Politics Trump’s vaccine promises meet reality
States prepare for their own vaccine safety reviews amid worries about Trump’s influence on the FDA
It's not yet clear whether the states would seek to block distribution of a vaccine they deem unsafe or ineffective, or just broadcast those concerns far and wide.New York, California, Michigan, West Virginia, Washington D.C. and potentially a handful of others are in the early stages of creating independent panels to review vaccine data as it becomes available – although it’s not yet clear whether all these states would seek to block distribution of a vaccine they deem unsafe or ineffective, or just to broadcast those concerns.
President Trump’s optimistic promises that a vaccine forwould be ready either before the election or by the end of the year seem increasingly unlikely to be fulfilled.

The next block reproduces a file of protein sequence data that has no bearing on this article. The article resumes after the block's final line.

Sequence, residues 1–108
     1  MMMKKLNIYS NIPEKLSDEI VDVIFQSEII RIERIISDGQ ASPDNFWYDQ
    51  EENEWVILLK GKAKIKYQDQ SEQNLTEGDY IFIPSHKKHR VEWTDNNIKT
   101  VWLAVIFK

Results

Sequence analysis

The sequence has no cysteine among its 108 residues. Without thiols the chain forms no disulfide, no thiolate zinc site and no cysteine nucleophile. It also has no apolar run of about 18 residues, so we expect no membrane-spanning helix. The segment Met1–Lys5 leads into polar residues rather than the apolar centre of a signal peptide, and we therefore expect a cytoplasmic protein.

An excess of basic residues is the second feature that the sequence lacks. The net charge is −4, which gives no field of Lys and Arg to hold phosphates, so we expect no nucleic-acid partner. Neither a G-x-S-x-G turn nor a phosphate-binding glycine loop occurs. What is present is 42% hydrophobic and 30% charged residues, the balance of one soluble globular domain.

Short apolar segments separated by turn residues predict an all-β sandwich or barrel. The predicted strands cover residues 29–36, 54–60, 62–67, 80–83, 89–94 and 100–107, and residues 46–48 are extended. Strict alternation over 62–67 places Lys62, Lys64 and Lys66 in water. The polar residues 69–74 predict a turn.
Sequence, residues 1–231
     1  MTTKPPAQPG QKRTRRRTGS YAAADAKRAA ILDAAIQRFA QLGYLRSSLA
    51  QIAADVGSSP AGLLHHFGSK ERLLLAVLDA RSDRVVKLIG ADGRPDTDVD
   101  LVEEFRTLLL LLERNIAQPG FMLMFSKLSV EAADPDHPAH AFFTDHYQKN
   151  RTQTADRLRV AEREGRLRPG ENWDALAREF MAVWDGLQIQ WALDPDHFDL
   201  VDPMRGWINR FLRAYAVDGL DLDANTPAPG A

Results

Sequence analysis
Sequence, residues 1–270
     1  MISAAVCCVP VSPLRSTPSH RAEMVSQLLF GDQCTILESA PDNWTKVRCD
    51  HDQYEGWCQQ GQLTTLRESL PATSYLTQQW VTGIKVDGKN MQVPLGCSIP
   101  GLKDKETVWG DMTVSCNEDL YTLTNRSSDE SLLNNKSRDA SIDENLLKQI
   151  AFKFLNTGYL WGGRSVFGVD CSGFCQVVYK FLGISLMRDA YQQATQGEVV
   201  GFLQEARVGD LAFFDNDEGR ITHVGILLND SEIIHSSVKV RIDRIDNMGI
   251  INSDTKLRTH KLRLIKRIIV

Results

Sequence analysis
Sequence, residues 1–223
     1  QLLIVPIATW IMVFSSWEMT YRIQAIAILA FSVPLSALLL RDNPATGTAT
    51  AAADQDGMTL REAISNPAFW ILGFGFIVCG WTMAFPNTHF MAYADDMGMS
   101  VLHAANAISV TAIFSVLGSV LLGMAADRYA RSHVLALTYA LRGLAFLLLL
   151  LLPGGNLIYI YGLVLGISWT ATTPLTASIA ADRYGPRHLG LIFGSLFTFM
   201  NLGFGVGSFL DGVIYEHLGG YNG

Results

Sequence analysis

In a Wednesday interview with the Journal of the American Medical Association,adjusted pushed back the administration’s timeline for when a vaccine would be ready.
“Could be January, could be later. We don’t know,” Fauci, the leading expert on infectious diseases on the president’s coronavirus task force, said.
In early October, shortly after he was treated for his own COVID-19 infection at Walter Reed Medical Center, Trump repeatedly said on the campaign trail that"vaccines are coming momentarily." But when pharmaceutical manufacturer Pfizer announced on Oct. 16 that it would delay applying to the Food and Drug Administration for emergency authorization to distribute the vaccine it was developing, Trump softened his declarations, saying a vaccine would be coming “within weeks.”